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Source: MIL-OSI Submissions

Source: Health and Disability Commissioner

Deputy Health and Disability Commissioner Kevin Allan today released a report finding an ambulance service and a paramedic in breach of the Code of Health and Disability Services Consumers’ Rights (the Code) for their care of a man who later required two amputations.
The man, aged in his late eighties at the time, had been working underneath a van for a few hours when his left leg became painful and numb. He rang for an ambulance and, after a clinical assessment on the phone, a paramedic and an emergency medical technician (EMT) attended the scene.
The paramedic and the EMT assessed the man’s leg but did not remove the man’s sock during the assessment. They considered his pain was musculoskeletal and decided not to transfer him to hospital.
The following day, the man awoke with severe pain and a blue foot, and was admitted to hospital with an ischaemic left lower limb, and required two amputations of his leg.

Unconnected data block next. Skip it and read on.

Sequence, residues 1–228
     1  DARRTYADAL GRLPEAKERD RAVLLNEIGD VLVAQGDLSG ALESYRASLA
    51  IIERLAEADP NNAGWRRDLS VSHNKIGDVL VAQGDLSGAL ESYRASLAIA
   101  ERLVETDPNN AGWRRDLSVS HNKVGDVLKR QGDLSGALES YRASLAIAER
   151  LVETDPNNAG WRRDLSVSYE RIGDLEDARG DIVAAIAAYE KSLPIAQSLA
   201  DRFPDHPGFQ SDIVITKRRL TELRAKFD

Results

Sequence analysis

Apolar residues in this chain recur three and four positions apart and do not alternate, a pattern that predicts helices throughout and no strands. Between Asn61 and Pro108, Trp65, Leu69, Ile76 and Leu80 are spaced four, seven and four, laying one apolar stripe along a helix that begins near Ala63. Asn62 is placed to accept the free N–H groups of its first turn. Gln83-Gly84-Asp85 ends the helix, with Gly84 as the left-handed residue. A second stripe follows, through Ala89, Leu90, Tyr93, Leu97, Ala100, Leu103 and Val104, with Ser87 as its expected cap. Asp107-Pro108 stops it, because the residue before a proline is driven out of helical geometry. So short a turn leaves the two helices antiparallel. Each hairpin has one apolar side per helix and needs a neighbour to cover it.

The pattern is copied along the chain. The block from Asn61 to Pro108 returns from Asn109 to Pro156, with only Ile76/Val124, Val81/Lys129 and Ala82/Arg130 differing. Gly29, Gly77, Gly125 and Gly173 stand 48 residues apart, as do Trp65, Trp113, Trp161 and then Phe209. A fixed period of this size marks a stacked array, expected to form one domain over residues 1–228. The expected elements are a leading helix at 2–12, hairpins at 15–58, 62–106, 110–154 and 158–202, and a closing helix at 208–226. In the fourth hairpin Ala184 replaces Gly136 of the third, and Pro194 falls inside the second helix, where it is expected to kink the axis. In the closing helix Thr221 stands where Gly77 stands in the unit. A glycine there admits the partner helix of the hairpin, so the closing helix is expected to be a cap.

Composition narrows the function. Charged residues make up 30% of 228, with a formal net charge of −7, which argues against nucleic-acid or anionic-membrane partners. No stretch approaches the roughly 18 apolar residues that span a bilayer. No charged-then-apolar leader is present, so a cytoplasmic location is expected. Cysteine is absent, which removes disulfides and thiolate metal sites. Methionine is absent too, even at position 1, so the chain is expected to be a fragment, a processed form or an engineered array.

The Deputy Commissioner considered that the paramedic’s assessment of the man was incomplete and resulted in the decision not to transfer him to hospital. He also considered that the paramedic’s documentation fell below accepted standards and did not adhere to the ambulance service’s guidelines.
The Deputy Commissioner accepted that the EMT was not the most senior clinician responsible for the care provided to the man. However, he was critical of the lack of reflection and responsibility shown by the EMT in response to these events, and reminded him of the importance of reflection as a tool to improve one’s practice.
Mr Allan said the need for effective communication, collaborative working, and collective ownership of the challenges are evident in this case. He reminded the ambulance service of the importance of having strategies in place to promote these aspects in its organisation.
The paramedic has since retired as a paramedic, and has provided the man with a written apology. Considering this, Mr Allan recommended that should the paramedic return to practice, he arrange for further training on clinical procedures and guidelines, challenging assumptions, and managing inter-professional relationships.
Mr Allan recommended that the ambulance service report to HDC on the outcome of the EMT’s competency review and subsequent training, and provide HDC with evidence of training to its staff on conflict and communication breakdowns, once completed.
The full report on case 19HDC02285 is available on the HDC website